Using a GPS will make it a lot easier to know how many miles you have flown and how much more range you probably have. It will make it a lot easier to see where a good refueling place might be coming up.
These units show you a lot of other geeky statistics that you are always dying to know, such as average speed, average elevation, sunrise and sunset times, etc.
Aside from being a great tool, all of your saved flight data could come in handy for another reason: If you are ever accused of doing anything illegal in the sky, all this saved flight data could actually help you prove your innocence!
Aside from being nice to know, some of this data is vital, and any backpacking GPS unit should do a great job at getting that data for you.
The Garmin Montana 680
I chose the Garmin Montana 680 as #1 because it comes with maps preloaded, has good battery life, and has a huge touchscreen. That big display is great for use while flying.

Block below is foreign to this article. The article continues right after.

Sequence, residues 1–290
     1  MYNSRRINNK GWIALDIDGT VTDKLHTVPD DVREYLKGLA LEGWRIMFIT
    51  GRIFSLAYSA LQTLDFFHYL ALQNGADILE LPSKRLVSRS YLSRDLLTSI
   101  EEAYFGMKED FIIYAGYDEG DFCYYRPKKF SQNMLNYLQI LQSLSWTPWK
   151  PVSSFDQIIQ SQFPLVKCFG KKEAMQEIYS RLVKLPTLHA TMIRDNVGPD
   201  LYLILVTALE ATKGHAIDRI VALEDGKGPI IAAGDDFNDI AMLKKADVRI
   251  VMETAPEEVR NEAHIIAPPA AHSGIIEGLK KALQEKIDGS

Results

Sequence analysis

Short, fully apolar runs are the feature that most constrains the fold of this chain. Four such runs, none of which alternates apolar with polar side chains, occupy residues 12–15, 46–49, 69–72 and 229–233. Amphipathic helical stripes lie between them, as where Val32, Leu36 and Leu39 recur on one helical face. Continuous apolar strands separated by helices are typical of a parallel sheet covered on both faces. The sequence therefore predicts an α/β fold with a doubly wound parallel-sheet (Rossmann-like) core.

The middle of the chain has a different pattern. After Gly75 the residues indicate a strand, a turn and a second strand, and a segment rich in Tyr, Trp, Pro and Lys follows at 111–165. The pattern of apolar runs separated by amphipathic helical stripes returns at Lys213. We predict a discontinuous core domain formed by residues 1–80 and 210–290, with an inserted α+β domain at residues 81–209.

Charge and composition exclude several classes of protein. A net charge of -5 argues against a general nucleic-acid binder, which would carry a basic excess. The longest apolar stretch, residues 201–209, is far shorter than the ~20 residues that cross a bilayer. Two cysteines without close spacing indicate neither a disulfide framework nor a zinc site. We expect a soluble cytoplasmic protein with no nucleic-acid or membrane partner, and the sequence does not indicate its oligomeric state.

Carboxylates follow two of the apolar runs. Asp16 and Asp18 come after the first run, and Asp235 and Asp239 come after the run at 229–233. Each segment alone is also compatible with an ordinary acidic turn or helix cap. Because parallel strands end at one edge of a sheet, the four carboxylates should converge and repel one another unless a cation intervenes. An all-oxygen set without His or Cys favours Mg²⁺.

It is no secret that Garmin is the industry leader in manufacturing quality GPS technology. It is also no secret that their products have the price tag to back up that quality, and this unit is no exception. This guy sells for over $400.
If money is no object though, this is probably the most precise and easiest to read GPS unit out there.
The Next Best One
Garmin has a strong reputation for making equipment that is really accurate and high quality.
If you are looking for another great option from Garmin, but can’t tolerate the $400 price tag, then the Garmin eTrex Touch 35t might be something to look into. It has similar features but sells for about half of what the Montana sells for.